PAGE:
Next, we tried a burrito bowl with chicken ($6.45). It’s the same as a burrito, but without the tortilla! The bowl is made of sturdy cardboard. I asked if it was edible but was advised against it. We dressed the seasoned chicken up with lettuce, pintos (nonvegetarian because they’re cooked with bacon), tomato salsa, sour cream and cheese.
Tacos were fun. You get three of them and can really abuse the help by getting different stuff in each one! For $6.85 we had what amounted to a small taco buffet on a plate. They even let us get two crispy corn tacos and one soft flour taco.
We also got a salad, served in one of those nice cardboard bowls. Like the other “meals,” the meat dictates the price. We ordered a steak salad ($6.85). They put chopped romaine in the oval-shaped bowl, asked if we wanted chipotle-honey vinaigrette, then we specified our choice of ingredients as we proceeded down the cafeteria line.
Adding to the ambience, there was a staff member behind the counter chopping up grilled meat on a cutting board — maybe for practice, because it didn’t look uniformly cubed or nicely shredded like the meat on the line.
You could also peer into the kitchen and see a worker scooping avocados from their shells in preparation for the guacamole they proclaim on the Chipotle website is made fresh at each location multiple times a day.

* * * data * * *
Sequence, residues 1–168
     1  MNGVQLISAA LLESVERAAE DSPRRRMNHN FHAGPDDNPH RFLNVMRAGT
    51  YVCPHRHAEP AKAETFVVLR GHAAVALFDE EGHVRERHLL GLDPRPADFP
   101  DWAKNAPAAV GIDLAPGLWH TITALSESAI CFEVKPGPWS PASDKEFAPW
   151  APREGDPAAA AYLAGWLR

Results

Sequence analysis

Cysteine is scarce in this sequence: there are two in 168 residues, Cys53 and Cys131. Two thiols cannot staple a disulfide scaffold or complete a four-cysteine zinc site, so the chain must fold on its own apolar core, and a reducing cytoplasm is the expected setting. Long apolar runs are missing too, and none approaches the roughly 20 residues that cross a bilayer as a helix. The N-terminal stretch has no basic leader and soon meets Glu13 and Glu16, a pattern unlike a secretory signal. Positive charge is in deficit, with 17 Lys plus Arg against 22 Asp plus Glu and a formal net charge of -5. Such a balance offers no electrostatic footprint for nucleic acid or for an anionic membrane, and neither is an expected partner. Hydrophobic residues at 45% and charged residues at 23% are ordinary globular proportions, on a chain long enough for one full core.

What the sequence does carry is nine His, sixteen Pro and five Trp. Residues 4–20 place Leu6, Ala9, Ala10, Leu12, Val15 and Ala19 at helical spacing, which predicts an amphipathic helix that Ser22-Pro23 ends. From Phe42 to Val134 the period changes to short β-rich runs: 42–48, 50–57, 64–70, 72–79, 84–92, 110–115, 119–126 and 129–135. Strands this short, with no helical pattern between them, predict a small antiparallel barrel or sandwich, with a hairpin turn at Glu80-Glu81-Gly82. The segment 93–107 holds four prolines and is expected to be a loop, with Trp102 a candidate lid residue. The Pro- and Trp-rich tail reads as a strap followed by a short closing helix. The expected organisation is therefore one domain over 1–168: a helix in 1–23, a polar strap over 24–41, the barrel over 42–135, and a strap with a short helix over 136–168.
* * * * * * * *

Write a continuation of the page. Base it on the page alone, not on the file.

As we arrived at the register, I asked the nice woman at the register (and the only adult behind the counter) how much of the food is made right there an how much of it is made at a central corporate kitchen and shipped in. She told us it was all made there, even though on the Chipotle website is says that several of the meats are cooked in a Midwest facility and shipped in.
Regardless, this is some of the best “fast food” we’ve had in a long time. The meats are perfectly seasoned, the various ingredients that go into the burritos, tacos and salads fresh as can be.
Lunch for four totaled $44.39. Portions were substantial, almost more than one person could comfortably eat. We chose to eat in at one of the high-top tables, but a good number of the customers were taking bags of food to go. There’s a kids menu, which not all Chipotle restaurants offer.
Some may say this is not authentic Mexican food because it’s not spicy enough. That problem is easily overcome with three different Tabasco sauces in bottles on each table.
One thing that was disappointing, but not their fault: New York state, in its infinite wisdom, has not granted the restaurant its liquor license yet. While we probably wouldn’t have had one for lunch (probably being the key word here) it sure would have been nice to enjoy a cold beer or a tangy margarita with the Mexican food. Most Chipotles serve beer and margaritas, as will this one. A sign board is already up with “coming soon” taped over it.
In any case, the food here is downright good, I dare say excellent. Maybe it’s the fact that they use natural meats and organic vegetables wherever possible? Maybe it’s the fact that a chef is the founder of the chain? Maybe it’s the fact that a mega food corporation doesn’t own Chipotle?
Whatever it is, we’ll be back again for more real soon.
You can contact restaurant reviewer Walter Siebel via email: firstname.lastname@example.org.
Chipotle Mexican Grill
1290 Arsenal St.
(adjacent to Stateway Plaza)
Fast and fresh burritos and tacos, made with “natural” meats and organic vegetables. A small, efficient menu done right.
HOURS: 11 a.m. to 10 p.m. Monday through Sunday
We enjoyed everything: the burritos, the tacos, all the meat fillings and various ingredients.